May 09, 2007
1 min read

Topical chelation therapy shown to be potential treatment for diabetic cataracts

You've successfully added to your alerts. You will receive an email when new content is published.

Click Here to Manage Email Alerts

We were unable to process your request. Please try again later. If you continue to have this issue please contact

FORT LAUDERDALE, Fla. — A topical chelation therapy was effective in reducing excess intraocular metals that are known to contribute to the formation of diabetic cataracts, according to a poster presentation at the Association for Research in Vision and Ophthalmology meeting here.

Naseem H. Ansari, PhD, and colleagues at University of Texas Medical Branch described measures to reduce excess metals and treat or prevent diabetic cataract in a rat model.

Research has determined that transition metal ions play a role in generating reactive oxygen species, which increase oxidative stress and cause pathologies such as diabetic cataract, the study authors said.

"Elevated levels of chelatable pool of redox-active metal ions have indeed been shown to be present at increased concentrations in aged and cataractous lenses," they said. "However, metal chelation attempts to prevent cataractogenesis have been limited due to the permeability barrier of the cell membrane to the metal chelators."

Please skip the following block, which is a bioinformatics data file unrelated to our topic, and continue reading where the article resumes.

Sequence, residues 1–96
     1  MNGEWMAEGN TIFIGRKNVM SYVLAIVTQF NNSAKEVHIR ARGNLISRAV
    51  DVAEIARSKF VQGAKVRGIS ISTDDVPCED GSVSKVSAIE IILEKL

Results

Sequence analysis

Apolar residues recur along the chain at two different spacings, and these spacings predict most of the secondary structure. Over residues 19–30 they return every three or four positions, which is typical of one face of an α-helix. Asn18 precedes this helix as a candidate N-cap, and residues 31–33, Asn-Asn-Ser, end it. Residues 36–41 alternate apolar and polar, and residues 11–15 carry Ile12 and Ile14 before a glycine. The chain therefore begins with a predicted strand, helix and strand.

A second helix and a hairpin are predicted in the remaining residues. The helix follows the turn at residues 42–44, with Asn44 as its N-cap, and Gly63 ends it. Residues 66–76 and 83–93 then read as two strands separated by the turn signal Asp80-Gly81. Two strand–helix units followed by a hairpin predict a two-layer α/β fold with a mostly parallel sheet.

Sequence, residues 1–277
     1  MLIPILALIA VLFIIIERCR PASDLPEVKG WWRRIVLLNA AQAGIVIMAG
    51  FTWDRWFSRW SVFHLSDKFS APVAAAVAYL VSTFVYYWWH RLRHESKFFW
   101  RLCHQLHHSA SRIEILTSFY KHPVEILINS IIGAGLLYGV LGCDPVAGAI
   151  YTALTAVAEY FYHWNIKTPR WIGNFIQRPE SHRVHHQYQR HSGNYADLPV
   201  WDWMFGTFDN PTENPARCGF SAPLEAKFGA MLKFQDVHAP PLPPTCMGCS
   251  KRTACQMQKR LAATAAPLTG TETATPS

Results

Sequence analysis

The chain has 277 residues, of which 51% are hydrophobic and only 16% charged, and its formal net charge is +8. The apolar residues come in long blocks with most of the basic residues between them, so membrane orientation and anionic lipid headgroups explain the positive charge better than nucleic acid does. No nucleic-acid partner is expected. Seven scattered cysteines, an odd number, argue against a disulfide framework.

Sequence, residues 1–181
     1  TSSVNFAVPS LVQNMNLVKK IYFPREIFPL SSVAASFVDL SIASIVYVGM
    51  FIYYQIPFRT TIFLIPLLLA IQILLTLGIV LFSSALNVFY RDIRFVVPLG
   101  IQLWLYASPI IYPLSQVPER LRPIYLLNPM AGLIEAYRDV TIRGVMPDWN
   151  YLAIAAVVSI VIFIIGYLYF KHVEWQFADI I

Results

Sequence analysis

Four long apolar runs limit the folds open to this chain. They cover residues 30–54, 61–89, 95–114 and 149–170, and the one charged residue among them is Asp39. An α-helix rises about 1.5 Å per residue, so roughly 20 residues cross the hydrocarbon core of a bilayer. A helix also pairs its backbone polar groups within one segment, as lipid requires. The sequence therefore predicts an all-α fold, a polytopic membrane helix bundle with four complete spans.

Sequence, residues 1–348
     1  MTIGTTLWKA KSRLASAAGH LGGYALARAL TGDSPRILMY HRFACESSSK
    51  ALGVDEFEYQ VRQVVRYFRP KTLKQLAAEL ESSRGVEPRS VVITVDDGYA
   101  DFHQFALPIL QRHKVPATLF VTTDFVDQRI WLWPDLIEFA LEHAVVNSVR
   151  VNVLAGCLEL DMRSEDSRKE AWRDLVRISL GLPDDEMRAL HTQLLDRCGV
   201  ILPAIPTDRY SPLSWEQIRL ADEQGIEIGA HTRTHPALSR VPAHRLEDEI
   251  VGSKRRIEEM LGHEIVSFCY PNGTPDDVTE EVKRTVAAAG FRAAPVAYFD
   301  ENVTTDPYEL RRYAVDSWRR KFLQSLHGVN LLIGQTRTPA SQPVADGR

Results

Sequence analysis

To study the efficacy of chelation in preventing cataract, investigators used EDTA, a topical chelator, combined with methylsulfonylmethane (MSM), a permeability enhancer.

In a rat study, investigators applied topical EDTA combined with MSM. They applied various concentrations of EDTA and MSM to assess the effectiveness of the combination in preventing or diminishing diabetic cataract.

The first leg of the study showed that EDTA and MSM enters the aqueous humor and lens. The second leg showed a "significant amelioration" of cataract formation, the authors said.

"Oxidative markers, which were increased in the diabetic rat lens, significantly normalized in the lenses of the diabetic rat that were treated with EDTA+MSM," they said.

"EDTA in the presence of MSM can enter into the lens when topically applied onto the eye," they said. "Furthermore, it appears that 'excess metals' in diabetes trigger the oxidative stress and contribute to cataractogenesis. Chelation therapy using EDTA+MSM can be a promising clinical therapy for protecting against diabetic cataracts."